Draft ferry study lays out options for system’s future
JUNEAU, Alaska (AP) — A study commissioned by Alaska Gov. Mike Dunleavy’s administration recommends running ferries as day boats where possible and providing long-term contracts to private companies to help fill service gaps.
The draft study by Northern Economics, released by the state transportation department Wednesday, found selling or leasing system assets to private entities is not feasible if minimum service levels are stipulated. Even without such stipulations, companies could have difficulty breaking even on existing routes, according to the draft.
The draft looked at other options, too, with an objective of reducing the system’s operating subsidy to $24 million. It found a public corporation model could work under that parameter with higher passenger fares, lower crew wages and service changes that would leave some communities without ferries for extended periods.
Northern Economics was asked to analyze options to reduce the state’s financial obligations for the ferries, an important transportation link for many coastal communities not connected to the road system. While Dunleavy proposed a roughly $95 million cut for the current-year budget, the Legislature agreed to a cut of about $44 million. Deputy transportation commissioner Mary Siroky told the Marine Transportation Advisory Board, meeting in Anchorage on Wednesday, that was a “huge policy statement” that changed the way the marine highway system was to work.
Sen. Jesse Kiehl, a Juneau Democrat, in an interview said the policy decision made by the legislature was to keep the system going. “We couldn’t get the kind of funding that Alaska needs past this governor,” he said.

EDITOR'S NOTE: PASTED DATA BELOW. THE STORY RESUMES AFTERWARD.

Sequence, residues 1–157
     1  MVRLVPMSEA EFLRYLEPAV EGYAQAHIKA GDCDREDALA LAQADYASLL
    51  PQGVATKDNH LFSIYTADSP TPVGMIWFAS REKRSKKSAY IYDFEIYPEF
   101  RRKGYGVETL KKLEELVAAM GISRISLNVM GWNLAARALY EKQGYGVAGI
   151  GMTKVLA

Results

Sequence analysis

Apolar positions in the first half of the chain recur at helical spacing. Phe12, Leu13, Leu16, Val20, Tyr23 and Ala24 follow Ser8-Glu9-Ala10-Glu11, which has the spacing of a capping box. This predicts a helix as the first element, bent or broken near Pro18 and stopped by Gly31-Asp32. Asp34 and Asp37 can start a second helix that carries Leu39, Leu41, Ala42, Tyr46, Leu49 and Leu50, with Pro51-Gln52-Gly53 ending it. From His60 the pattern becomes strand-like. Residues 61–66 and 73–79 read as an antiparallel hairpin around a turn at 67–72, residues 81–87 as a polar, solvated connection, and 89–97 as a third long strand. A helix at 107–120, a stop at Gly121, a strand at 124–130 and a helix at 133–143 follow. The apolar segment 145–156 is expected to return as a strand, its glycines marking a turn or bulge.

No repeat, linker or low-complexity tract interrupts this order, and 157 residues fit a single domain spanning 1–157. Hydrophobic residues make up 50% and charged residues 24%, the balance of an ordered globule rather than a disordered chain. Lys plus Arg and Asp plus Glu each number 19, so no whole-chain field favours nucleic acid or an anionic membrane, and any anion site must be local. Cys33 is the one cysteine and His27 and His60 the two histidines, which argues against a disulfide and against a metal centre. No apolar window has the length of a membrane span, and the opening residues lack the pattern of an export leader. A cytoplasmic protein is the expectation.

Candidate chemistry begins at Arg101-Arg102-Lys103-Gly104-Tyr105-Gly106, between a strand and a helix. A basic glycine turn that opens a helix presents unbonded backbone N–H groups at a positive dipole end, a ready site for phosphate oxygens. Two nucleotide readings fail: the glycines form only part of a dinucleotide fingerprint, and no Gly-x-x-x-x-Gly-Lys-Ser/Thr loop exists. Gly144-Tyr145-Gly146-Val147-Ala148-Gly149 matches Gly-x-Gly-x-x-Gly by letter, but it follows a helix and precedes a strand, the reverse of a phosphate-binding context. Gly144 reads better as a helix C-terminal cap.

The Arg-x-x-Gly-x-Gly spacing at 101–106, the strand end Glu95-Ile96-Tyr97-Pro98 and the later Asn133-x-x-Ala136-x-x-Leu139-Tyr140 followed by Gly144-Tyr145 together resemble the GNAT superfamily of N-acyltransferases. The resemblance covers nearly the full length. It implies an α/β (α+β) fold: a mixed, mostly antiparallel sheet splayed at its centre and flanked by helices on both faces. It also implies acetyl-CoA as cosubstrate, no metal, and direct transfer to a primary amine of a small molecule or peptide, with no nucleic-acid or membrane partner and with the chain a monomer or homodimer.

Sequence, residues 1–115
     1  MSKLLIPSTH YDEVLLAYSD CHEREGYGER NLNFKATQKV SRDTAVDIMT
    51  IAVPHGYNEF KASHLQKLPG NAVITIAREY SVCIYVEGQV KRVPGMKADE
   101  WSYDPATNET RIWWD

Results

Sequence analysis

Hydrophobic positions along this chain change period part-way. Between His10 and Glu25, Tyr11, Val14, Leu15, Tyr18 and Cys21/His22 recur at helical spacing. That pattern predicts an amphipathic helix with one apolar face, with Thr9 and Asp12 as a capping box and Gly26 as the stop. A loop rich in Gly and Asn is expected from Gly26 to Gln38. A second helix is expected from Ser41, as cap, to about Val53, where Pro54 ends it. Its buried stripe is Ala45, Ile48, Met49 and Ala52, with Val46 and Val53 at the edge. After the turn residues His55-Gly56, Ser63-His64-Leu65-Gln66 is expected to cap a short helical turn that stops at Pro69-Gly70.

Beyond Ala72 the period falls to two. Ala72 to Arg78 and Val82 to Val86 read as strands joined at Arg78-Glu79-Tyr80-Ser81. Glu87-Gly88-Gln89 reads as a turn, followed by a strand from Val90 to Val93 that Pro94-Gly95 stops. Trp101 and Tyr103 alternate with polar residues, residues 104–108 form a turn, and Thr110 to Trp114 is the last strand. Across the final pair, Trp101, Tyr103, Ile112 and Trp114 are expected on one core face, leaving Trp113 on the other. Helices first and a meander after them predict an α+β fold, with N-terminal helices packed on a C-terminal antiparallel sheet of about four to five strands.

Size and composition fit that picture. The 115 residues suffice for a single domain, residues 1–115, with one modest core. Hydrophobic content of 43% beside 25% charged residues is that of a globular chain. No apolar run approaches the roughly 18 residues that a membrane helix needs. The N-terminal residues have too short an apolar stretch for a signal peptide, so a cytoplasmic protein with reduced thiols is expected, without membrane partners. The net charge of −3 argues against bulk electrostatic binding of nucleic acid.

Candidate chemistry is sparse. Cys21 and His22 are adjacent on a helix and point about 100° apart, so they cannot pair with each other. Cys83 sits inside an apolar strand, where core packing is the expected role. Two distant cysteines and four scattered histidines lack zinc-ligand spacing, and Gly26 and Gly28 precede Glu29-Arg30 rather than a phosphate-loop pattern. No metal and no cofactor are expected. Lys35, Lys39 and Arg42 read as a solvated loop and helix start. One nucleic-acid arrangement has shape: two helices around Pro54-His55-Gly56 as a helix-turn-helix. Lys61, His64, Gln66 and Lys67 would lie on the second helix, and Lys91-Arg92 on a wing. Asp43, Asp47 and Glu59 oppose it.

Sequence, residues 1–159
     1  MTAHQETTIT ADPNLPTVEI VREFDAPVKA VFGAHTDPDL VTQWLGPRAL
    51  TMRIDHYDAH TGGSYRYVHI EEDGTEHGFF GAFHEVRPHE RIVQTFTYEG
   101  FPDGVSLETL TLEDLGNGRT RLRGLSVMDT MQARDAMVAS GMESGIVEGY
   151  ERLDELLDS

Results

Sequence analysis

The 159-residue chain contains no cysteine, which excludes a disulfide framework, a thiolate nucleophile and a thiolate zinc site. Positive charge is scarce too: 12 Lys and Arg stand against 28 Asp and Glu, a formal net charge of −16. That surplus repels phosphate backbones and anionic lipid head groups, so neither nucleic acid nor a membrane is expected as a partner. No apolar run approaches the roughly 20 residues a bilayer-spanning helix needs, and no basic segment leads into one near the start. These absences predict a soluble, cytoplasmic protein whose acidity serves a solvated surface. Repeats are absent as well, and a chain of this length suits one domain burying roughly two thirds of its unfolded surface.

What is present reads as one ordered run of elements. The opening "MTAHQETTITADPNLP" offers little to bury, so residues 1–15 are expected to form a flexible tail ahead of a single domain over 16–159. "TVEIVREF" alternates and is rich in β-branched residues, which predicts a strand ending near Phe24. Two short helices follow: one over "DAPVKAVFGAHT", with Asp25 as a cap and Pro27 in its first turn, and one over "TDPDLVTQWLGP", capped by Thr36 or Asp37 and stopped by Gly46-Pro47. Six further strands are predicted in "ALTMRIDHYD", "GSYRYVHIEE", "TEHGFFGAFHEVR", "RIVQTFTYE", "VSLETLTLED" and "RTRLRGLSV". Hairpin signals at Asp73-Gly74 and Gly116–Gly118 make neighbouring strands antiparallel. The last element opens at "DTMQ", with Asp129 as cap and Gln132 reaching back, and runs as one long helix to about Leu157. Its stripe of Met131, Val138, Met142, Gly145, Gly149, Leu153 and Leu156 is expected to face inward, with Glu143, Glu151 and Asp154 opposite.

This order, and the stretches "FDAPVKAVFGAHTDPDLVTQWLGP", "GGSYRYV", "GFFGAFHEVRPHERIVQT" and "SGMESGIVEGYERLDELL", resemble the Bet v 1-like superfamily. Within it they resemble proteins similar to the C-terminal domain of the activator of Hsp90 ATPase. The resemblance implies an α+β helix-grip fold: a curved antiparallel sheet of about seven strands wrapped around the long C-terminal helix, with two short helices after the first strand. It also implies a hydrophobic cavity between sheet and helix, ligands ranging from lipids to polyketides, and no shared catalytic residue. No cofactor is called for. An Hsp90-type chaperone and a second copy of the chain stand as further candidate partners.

Rep. Sara Hannan, a Juneau Democrat, said she will argue this session that the cuts were “devastating beyond what we recognized them to be” and that additional funding should be restored.
The draft suggests any changes to service levels, schedules or fares be made keeping in mind how that would affect state financial support. Using data provided by the system, the draft states, the study team found increasing the number of sailings in Lynn Canal in southeast Alaska appears to increase revenue more than it increases costs. But it recommends testing this first before making permanent changes that can be hard to reverse.
The draft recommends looking at cutting communities that make it difficult to offer 12-hour or 14-hour day-boat service to higher-volume routes and whether any dropped communities could be candidates for service from private operators.
“With a stable operating environment, private operators may be able to develop profitable services to these, as well as potentially other unserved communities,” the draft states. “Even if these services were partially subsidized by the state, the overall subsidy provided for ferry services could likely be reduced.”
Meadow Bailey, a transportation department spokeswoman, said by email that achieving the goal of reducing the state’s financial obligation and liability to the system will require increases in revenues, cost reductions or a combination of the two.
She expects the legislature, administration and advisory group to work together on future decisions.